YAM Notes: May/June 2007

They say that as you get older, birthdays come faster and faster. So do mistakes, like my recent misspelling of Bill Cutter’s name, for which heartfelt apologies.Reunions seem to keep coming faster, too, as do Gunnar Baldwin’s annual excursions on behalf of Habitat for Humanity. To provide ballast, here are a couple of dates.Oct 25-28, Thursday through Sunday. That’s when the Class of 1959 will hold its New York mini-reunion, whose impresarios include Ed Greenberg, Charlie Hoyt and Fred Vanderkloot. For reference purposes, that happens to be the weekend of the Columbia football game, just one of many options your steering committee has planned for you. A detailed schedule should have arrived by mail , and all you have to do is respond, the sooner the better. You can also get the complete picture on this website.

April 2, Monday. That’s when Gunnar Baldwin and his intrepid wife Heather resumed their quest to row the entire Intracoastal Waterway from Key West to the Canadian border. This year they started at Southport, N.C and got to Vrginia before they stopped on the 13th. Gunnar’s odyssey began in January, 2003. Rowing for about three weeks a year, the Baldwins have now covered most of the route from Key West to Virginia, as well as part of the northern section from Newburgh, NY, to Canada — about two-thirds of the 2100-mile task, which Gunnar is determined to finish over the next few years.This entire enterprise is aimed at raising money for Habitat for Humanity and publicizing his company, TOTO USA, a plumbing supply firm which so far has donated $500,000 worth materials to Habitat for Humanity. Gunnar has also raised a lot of cash, partly from donations sent to him by friends and business associates and then forwarded to Habitat for Humanity. Checks can be sent to Gunnar at TOTO USA, Inc. 363 Thornton Gore Rd., Thornton, N.H. 03223. Youcan also read Gunnar’s log at http://rowingforhabitat.slsoft.com/. There are pictures galore, including several of Gunnar, looking completely sane).

Thinking about Gunnar pulling on those oars for 15-20 miles a day makes me so tired I’m not even sure I can finish this column. But here goes.This is the season for 70th birthdays! No surprise there. Mr. Hoyt hit 70 with a party in Chevy Chase surrounded by a cast of thousands, including Doug Banker and Sarah and other classmates too numerous to mention. A few weeks later, Tom Maxey, our secretary, celebrated his 70th with a no less formidable cast assembled by his daughter Lizzie and son-in-law John Robertshaw, and including the aforementioned Hoyt, Vanderkloot and Greenberg, plus Ben Gertz, A.J. Cronin, and probably some I missed, so great was the crush of admirers and celebrants.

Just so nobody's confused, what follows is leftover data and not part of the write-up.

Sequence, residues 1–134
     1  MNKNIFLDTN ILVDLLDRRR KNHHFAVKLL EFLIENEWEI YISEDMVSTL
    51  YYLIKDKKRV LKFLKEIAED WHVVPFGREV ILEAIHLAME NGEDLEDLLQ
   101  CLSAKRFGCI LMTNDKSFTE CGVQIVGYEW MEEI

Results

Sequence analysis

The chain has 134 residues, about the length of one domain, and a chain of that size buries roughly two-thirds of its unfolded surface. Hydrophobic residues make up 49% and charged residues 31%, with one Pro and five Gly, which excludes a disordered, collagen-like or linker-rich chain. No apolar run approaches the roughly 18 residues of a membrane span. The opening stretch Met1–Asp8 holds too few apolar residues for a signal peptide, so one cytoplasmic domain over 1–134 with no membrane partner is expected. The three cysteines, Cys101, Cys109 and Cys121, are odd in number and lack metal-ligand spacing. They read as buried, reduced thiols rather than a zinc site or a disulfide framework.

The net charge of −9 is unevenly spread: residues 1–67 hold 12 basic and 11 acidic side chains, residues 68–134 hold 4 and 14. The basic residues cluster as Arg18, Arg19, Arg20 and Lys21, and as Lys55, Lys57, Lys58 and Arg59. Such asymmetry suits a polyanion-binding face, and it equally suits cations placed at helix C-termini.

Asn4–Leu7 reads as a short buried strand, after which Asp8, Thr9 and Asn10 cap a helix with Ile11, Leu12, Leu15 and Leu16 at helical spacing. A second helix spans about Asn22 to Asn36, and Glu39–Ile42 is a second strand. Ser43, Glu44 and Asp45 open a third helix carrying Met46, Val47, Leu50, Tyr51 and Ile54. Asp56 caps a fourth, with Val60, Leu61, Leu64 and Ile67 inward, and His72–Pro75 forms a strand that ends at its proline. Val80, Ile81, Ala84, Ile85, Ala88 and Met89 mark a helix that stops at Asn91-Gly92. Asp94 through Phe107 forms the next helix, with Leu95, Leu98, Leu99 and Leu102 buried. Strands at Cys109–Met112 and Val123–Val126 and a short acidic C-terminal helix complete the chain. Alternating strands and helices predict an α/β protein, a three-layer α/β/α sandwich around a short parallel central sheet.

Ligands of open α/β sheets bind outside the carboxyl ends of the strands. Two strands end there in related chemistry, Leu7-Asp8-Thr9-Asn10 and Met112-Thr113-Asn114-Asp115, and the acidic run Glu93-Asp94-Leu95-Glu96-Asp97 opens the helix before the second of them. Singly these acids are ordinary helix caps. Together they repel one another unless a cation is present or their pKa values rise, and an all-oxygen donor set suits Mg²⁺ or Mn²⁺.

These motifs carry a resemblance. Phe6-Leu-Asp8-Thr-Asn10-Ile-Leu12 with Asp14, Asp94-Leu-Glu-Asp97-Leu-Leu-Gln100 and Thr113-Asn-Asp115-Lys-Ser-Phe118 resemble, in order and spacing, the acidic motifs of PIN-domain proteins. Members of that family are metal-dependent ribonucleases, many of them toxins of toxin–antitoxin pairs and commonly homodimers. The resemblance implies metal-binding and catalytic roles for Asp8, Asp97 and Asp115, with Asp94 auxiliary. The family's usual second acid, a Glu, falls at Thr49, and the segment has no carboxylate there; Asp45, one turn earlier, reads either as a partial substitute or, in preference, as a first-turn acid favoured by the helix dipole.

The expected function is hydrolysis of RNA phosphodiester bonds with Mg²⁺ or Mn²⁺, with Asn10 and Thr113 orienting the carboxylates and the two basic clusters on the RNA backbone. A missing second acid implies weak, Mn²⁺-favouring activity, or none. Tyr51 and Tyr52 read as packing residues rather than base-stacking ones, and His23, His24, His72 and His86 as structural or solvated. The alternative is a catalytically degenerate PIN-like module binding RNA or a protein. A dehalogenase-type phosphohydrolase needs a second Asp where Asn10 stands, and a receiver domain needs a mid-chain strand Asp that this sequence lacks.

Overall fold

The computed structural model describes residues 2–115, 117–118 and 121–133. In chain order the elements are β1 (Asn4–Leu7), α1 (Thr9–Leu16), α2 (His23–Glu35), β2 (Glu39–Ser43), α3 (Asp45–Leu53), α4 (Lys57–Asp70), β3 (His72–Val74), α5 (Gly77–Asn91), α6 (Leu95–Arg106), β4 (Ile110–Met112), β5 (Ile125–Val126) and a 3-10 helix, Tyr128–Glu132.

I crossed paths recently in New York with two recently-published authors. One was Dick Posner, who continues to write and publish at an awe-inspiring pace, and whose latest is a 109-page
essay called “The Little Book of Plagiarism,” and described in the Times by Charles McGrath as ” useful…smart, lucid,” a “typically Posnerian production. ” The other was Charlie Ellis — whose wll-reviewed business history, “Joe Wilson and the Creation of Xerox,” was published late last year.Speaking of authors, one our more celebrated and decorated (including a Pulitzer) is Dick Rhodes, who reports that he is as happy as ever in the little unincorporated community he lives in about 4 miles north of Half moon Bay in California, 25 minutes from San Francisco and
45 minutes from Stanford, where he is affiliated with the Center for International Security and Cooperation. Dick, who captivated the literary world with his books on the atomic and hydrogen bombs, has just finished what amounts to volume three, Arsenals of Folly: Nuclear Weapons in the Cold war,’ and will soon start work on number four, which will bring us to the present and, presumably, the era of threatened proliferation. His wife Ginger, has just finished her Ph.D in clinical psychology and started a small practice in San Francisco, specializing in trauma. He has an architect son in Seattle and a molecular biologist daughter in San Diego. He plans to make the 50th and the 75th. After 38 successful and productive years at Williams and Connolly,

Steve Umin — who, I recall, ranked first in our class before becoming a Rhodes Scholar and clerking for Potter Stewart — has left to join the firm of Epstein Becker and Green, a move that will allow him to develop his own practice in mediation and arbitration, which has has been doing for the last five years for the United States Court of Appeals for the D.C. Circuit. His message to classmates: send business!! His new address: 1227 25th St., Washington, D.C. 20037, phone 212-861-1890.

A sad note: Jeff McKenzie died in December in Lowell, Mass. A graduate of Harvard Business School, Jeff worked for most of his career for AT&T and lived in Long Valley, N.J. before moving to Massachusetts several years ago. There will be a service in Maine this summer. Our condolences to his wife, Cathy, his sons Chris and Kevin and his daughter, Meghan. Donations in his memory may be sent to New England HDSA Center for Excellence for Huntington’s Disease and mailed to Dr. Steven Hersch, MGH-East Building 114, Suite 2000, 114 16th Street, Charlestown, MA 02129.